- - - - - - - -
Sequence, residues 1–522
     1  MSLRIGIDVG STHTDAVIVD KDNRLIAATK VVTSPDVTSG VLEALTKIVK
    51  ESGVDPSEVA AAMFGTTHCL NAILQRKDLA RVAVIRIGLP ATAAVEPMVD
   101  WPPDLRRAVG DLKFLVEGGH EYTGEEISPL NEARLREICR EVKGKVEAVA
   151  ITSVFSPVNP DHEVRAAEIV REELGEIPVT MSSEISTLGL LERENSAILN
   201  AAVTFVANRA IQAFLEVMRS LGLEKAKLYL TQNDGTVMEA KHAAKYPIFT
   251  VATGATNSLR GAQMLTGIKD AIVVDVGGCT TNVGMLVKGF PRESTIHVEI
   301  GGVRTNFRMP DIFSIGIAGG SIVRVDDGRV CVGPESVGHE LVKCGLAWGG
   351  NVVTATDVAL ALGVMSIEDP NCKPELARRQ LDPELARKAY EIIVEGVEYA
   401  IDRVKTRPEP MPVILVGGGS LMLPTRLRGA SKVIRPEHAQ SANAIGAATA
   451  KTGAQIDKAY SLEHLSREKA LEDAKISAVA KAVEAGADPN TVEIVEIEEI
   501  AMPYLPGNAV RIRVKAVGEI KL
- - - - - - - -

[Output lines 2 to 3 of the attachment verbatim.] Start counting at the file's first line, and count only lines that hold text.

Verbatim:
     1  MSLRIGIDVG STHTDAVIVD KDNRLIAATK VVTSPDVTSG VLEALTKIVK
    51  ESGVDPSEVA AAMFGTTHCL NAILQRKDLA RVAVIRIGLP ATAAVEPMVD